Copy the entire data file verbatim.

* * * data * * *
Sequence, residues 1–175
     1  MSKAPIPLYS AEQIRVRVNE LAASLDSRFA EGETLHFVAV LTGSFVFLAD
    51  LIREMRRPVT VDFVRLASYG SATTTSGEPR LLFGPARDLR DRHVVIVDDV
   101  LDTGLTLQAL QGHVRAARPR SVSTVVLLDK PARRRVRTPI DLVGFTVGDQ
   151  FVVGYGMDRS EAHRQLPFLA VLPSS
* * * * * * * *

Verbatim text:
Sequence, residues 1–175
     1  MSKAPIPLYS AEQIRVRVNE LAASLDSRFA EGETLHFVAV LTGSFVFLAD
    51  LIREMRRPVT VDFVRLASYG SATTTSGEPR LLFGPARDLR DRHVVIVDDV
   101  LDTGLTLQAL QGHVRAARPR SVSTVVLLDK PARRRVRTPI DLVGFTVGDQ
   151  FVVGYGMDRS EAHRQLPFLA VLPSS